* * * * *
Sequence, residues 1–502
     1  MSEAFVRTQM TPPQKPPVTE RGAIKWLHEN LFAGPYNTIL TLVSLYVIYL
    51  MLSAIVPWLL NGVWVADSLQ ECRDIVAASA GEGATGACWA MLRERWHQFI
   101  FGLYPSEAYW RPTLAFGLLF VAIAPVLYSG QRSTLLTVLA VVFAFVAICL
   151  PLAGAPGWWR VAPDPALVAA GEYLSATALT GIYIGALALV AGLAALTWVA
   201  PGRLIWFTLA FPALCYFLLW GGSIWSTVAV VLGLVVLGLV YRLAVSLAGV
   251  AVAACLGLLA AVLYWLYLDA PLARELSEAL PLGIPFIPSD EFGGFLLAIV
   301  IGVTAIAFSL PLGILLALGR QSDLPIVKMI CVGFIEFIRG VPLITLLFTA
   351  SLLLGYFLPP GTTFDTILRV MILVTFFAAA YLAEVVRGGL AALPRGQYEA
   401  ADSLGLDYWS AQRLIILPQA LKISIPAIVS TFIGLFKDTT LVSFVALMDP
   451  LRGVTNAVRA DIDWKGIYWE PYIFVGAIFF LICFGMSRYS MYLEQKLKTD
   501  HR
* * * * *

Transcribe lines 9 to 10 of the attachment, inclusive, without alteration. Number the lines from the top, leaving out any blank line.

   351  SLLLGYFLPP GTTFDTILRV MILVTFFAAA YLAEVVRGGL AALPRGQYEA
   401  ADSLGLDYWS AQRLIILPQA LKISIPAIVS TFIGLFKDTT LVSFVALMDP